While the FBI may have attributed the hack attack against Sony Pictures Entertainment to North Korea, many information security experts remain unconvinced, based on the evidence that's been released to date.
After the complete collapse of network security at Sony Pictures - in the wake of its data breach - it's important that we highlight some of the organization's fundamental security mistakes. Here's a macro view of the lessons we must all learn.
In the wake of a data breach that followed a routine regulatory, a former regulator is asking why the agency failed to disclose the breach sooner, and why it has not accepted more responsibility for its error.
Once a file enters the network, we often lack the tools to monitor the file's behavior. In essence, using the point-in-time model, the security professional cannot retry the file for guilt or innocence.
The Department of Veterans Affairs, in a cryptic message, disclosed a potential security flaw that exposed the personally identifiable information of 7,054 veterans in a patient database belonging to and managed by a vendor that provides home tele-health services to the VA.
Seeking a measured response to an attack on a non-critical infrastructure company requires carefully balancing a strong message to North Korea with one that doesn't result in escalating an encounter with a rogue nuclear nation.
A week after Sony Pictures canceled the release of the upcoming film "The Interview," the studio is now planning a limited run of the movie. Also, a congressman has sent a letter to Sony requesting details on the cyber-attack.
In determining the right time to issue a breach notification, organizations have to carefully weigh the risk of premature notification based on insufficient facts versus tardy notification that can have an impact on their reputation.
Sony Pictures in late November suffered a significant cyber-attack that led to intellectual property and personal employee details being leaked online. The following infographic provides an overview of the events leading up to, during and after the breach.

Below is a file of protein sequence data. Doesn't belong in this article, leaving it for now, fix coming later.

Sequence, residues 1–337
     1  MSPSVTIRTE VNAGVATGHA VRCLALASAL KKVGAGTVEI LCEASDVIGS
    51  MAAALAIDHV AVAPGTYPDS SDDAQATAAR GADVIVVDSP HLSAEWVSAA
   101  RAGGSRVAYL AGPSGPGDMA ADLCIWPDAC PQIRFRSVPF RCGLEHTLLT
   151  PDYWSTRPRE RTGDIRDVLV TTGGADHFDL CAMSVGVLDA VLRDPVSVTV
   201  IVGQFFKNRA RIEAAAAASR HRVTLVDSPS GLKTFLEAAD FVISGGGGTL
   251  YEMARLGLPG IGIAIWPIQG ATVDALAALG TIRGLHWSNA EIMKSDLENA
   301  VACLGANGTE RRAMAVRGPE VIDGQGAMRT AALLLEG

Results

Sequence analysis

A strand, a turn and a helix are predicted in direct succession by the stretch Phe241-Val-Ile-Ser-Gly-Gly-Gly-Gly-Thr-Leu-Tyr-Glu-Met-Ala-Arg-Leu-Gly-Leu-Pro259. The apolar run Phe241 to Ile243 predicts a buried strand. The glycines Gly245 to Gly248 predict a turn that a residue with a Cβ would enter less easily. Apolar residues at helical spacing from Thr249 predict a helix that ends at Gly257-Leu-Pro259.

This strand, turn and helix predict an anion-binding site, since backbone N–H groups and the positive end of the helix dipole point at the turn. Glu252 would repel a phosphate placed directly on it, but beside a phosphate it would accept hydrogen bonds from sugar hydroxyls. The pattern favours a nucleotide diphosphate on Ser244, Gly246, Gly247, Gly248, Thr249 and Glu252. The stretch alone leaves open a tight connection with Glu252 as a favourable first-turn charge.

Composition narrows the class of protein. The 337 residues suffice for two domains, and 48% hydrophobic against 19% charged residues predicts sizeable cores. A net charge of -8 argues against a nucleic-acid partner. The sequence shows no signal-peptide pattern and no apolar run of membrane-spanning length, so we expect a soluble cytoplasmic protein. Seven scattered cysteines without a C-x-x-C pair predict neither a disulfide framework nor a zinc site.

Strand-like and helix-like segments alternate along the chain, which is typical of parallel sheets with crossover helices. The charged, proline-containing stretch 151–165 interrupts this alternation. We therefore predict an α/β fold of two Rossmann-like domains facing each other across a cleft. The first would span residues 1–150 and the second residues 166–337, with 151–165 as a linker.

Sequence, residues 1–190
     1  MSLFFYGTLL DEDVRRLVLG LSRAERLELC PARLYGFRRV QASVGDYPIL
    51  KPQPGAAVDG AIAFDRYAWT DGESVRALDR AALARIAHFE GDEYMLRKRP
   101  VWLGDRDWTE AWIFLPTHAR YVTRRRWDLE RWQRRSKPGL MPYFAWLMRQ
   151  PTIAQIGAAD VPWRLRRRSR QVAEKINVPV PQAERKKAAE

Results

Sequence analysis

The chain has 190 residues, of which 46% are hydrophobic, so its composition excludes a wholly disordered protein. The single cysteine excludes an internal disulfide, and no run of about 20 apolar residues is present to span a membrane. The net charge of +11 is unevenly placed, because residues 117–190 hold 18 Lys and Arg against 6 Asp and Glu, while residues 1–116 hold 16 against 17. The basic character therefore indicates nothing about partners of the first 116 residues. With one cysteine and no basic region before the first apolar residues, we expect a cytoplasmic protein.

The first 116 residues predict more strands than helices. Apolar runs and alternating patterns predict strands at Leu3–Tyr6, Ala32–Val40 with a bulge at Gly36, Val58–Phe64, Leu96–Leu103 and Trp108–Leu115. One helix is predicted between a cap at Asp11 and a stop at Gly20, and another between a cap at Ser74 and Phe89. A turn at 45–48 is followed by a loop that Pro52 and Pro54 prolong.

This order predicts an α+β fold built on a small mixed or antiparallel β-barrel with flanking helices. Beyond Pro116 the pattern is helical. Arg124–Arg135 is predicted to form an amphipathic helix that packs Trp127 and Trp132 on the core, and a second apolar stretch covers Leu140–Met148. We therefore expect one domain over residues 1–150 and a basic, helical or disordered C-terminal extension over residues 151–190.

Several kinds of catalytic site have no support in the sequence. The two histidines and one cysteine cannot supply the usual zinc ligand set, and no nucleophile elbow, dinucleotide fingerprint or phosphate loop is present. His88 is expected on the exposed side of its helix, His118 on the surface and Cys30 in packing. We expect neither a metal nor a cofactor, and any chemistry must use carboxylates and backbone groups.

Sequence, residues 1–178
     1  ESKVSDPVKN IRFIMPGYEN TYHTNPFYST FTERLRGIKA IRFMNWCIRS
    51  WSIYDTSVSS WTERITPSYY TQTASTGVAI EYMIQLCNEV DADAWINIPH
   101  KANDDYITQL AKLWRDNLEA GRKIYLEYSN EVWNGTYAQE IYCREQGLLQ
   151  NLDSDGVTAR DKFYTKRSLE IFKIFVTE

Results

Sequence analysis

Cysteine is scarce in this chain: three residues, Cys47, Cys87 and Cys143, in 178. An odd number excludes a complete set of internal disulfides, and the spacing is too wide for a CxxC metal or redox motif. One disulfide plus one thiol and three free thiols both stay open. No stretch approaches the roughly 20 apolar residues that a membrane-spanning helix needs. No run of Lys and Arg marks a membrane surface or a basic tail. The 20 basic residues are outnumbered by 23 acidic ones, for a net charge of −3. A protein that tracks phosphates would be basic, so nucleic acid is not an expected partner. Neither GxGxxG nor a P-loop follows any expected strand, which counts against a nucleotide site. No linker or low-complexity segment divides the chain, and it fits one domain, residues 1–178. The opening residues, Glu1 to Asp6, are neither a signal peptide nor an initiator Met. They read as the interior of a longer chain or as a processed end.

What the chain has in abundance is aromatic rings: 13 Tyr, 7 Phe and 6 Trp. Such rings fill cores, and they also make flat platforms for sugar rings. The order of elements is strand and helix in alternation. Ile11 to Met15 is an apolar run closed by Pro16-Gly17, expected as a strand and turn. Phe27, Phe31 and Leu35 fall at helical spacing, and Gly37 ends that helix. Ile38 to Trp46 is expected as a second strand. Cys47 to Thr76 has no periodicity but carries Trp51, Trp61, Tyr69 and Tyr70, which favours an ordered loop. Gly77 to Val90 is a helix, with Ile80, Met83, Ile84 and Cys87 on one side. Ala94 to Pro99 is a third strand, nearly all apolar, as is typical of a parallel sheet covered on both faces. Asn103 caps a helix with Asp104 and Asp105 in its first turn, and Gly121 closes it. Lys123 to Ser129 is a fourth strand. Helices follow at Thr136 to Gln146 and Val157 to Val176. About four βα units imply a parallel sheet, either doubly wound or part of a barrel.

While the FBI blames North Korea for the hack attack against Sony Pictures, security expert Carl Herberger says the attack differs from previous nation-state attacks. Learn how organizations must shift defenses.
The response by Sony Pictures Entertainment executives to the hack attack against their company provides a number of great examples for how to not to handle a data breach. Here are 7 key mistakes they made.
A federal judge has denied Target's motion to dismiss a consolidated class action lawsuit filed on behalf of consumers affected by the retailer's December 2013 data breach. The move follows a similar ruling regarding a class action lawsuit involving banks.
North Korea not only denies the Obama administration's allegations that it hacked Sony Pictures Entertainment, but promises "grave consequences" if the U.S. fails to agree to a joint probe of the breach.
The five biggest 2014 health data breaches listed on the federal tally so far demonstrate that security incidents are stemming from a variety of causes, from hacker attacks to missteps by business associates.